Monday, May 7, 2018

“Thinking with her hands”

Maya Lin has built monuments in clay, granite, water, earth, glass and wood. Her most famous monument is the Vietnam Veterans Memorial, an opportunity she won in a contest she entered anonymously as a college student.  It was controversial from the beginning.  Critics wondered why a person of Asian heritage should design a monument to veterans of a war fought against Asians. Others criticized what appeared to them as a black scar in the earth. But now this monument in Washington, D.C., is visited by more than three million people every year.

Vietnam Veterans Memorial/Creative Commons photo
Susan Goldman Rubin’s new and highly acclaimed biography of Maya Lin – Maya Lin: thinking with her hands - includes photos of the many more monuments and sculptures she has designed, along with her struggles about whether and how to design each one. 

“I try to understand the ‘why’ of a project before it’s a ‘what.’”

She used the Civil Rights Memorial in Montgomery, Alabama, to “give people an understanding of what that time period was about.”  She literally sculpted the earth to create a grassy Wave Field at the University of Michigan’s aerospace engineering building. She redesigned an old barn for a retreat center in Tennessee for the Children’s Defense Fund. 

Not only is Maya Lin: Thinking with her hands a thought-provoking story of how an artist works, it can spur conversations and writing as well.  It could be a perfect way to open a discussion of national and local monuments – including the many that are controversial right now - but you could also have students :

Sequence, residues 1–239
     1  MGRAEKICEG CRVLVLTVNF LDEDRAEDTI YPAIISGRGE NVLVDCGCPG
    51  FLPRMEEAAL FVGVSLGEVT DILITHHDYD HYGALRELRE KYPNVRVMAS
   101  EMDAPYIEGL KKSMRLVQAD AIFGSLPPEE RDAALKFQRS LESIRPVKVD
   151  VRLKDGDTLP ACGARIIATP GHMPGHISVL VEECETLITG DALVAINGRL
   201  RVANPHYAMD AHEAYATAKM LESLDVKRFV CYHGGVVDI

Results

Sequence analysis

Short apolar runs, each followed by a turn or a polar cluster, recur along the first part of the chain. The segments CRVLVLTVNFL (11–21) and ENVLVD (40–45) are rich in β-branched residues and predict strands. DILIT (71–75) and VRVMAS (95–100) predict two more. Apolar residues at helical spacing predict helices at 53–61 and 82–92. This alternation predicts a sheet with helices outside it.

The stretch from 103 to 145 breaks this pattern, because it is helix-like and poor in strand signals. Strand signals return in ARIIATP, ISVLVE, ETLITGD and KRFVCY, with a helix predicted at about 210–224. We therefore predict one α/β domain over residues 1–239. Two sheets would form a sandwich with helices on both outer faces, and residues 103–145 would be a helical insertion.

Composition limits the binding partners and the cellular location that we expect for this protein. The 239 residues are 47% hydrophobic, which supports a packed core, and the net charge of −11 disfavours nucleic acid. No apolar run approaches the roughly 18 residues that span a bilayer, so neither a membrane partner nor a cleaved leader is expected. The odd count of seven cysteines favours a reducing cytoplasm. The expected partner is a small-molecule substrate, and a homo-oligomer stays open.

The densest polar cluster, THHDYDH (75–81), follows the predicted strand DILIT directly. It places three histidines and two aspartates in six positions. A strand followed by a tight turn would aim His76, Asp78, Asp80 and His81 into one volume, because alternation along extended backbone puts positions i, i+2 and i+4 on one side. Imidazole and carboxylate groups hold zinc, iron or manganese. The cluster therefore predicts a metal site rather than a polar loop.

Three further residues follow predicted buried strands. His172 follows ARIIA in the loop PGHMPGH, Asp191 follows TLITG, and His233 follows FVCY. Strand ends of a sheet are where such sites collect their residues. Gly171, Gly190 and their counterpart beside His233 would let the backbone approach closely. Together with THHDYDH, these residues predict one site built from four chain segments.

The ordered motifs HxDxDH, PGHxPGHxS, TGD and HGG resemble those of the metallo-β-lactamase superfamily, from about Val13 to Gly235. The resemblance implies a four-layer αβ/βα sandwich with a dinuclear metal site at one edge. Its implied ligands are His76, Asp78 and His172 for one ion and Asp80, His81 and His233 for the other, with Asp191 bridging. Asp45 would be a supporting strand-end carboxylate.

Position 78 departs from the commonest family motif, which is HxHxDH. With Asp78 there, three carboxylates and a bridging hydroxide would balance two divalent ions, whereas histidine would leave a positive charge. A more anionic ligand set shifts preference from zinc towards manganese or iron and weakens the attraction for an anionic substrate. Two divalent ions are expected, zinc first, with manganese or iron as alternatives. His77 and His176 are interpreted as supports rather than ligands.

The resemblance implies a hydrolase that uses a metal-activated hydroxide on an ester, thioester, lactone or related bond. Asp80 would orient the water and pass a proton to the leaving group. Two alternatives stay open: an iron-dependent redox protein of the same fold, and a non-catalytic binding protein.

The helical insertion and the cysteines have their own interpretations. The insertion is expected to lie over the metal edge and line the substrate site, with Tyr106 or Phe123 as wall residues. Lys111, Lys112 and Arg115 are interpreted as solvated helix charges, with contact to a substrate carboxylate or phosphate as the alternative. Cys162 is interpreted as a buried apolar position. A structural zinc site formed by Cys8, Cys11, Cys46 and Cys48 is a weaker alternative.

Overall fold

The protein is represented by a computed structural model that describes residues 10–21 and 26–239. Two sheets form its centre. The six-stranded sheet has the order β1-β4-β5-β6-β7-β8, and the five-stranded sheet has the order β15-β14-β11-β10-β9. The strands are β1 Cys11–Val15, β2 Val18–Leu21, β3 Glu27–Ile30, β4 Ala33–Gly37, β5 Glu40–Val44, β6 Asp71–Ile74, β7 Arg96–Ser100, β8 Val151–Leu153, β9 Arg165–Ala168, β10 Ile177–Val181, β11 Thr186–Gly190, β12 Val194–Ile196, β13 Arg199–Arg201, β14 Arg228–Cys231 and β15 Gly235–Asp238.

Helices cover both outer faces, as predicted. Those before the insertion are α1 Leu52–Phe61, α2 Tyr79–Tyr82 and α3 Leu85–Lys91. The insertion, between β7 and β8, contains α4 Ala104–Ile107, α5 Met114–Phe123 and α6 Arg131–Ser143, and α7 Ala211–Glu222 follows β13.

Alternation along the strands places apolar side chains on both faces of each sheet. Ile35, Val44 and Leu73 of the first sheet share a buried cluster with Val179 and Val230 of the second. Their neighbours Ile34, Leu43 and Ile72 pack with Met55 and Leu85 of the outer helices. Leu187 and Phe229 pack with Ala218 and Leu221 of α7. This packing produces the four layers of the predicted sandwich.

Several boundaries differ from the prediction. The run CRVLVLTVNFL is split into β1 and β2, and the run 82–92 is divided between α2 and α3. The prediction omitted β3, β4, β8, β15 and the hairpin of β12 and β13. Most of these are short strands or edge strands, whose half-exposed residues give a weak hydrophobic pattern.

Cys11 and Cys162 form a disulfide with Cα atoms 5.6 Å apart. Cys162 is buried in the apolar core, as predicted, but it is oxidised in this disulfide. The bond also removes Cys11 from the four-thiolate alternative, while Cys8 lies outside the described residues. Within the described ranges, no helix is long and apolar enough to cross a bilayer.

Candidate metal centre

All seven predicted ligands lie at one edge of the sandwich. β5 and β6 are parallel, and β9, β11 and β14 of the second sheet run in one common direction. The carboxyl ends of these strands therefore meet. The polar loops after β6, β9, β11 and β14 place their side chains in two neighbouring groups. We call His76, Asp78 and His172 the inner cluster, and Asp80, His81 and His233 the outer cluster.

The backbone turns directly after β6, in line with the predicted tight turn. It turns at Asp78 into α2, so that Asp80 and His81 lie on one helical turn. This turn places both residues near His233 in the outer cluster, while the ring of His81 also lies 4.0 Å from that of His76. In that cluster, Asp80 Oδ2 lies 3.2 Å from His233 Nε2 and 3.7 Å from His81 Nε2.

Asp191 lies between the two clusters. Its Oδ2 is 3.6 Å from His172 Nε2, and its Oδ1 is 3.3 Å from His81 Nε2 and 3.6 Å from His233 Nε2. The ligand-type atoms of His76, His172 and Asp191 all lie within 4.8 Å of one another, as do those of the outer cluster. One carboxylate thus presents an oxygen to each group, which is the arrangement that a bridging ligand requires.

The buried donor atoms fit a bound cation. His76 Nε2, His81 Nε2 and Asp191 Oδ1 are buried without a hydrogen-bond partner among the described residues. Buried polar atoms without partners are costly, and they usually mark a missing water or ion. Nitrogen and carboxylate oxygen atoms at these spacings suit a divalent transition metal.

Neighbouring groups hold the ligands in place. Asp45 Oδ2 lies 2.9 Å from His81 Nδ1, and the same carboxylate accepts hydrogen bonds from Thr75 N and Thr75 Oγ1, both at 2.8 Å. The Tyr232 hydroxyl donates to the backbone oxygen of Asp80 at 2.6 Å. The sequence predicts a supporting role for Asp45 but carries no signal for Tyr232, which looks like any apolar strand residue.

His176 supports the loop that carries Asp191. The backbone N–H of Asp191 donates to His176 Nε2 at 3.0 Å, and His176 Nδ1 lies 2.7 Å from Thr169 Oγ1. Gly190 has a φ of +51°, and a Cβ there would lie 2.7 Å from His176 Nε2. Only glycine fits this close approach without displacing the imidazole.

·       Write about a monument or statue in your town. What does it mean to you? Why is it important for that statue to be in your town?
·       Do you think there are other monuments that could be added or removed from your town? Write a persuasive essay explaining your reasons.
·       If your school is named for a person, what sort of monument would you create to honor that person? This could be a class project, especially for younger children. (My own children’s elementary school in Montgomery County, Maryland, was always known just as “Barnsley.” Turns out it was the first Montgomery County school named for a woman. Lucy V. Barnsley not only taught for 35 years, but also donated books to start the first library in Rockville and started the Retired Teachers Association in the county.)
·       Design a monument to any person or event that is important to you and write an artist’s statement about your monument.  Maya Lin’s essay about her Vietnam Veterans Memorial competition entry is included in the book, but may also be read here.

Maya Lin expects her last commission to be a project called “What is Missing?” at the Cornell Lab of Ornithology in Ithaca, New York. This ecological history of the planet invites scientists, conservationists and everyone to find ways to “learn enough from the past to rethink a different and better future.” And that can spark many many more writing ideas.

1 comment:

  1. This comment has been removed by a blog administrator.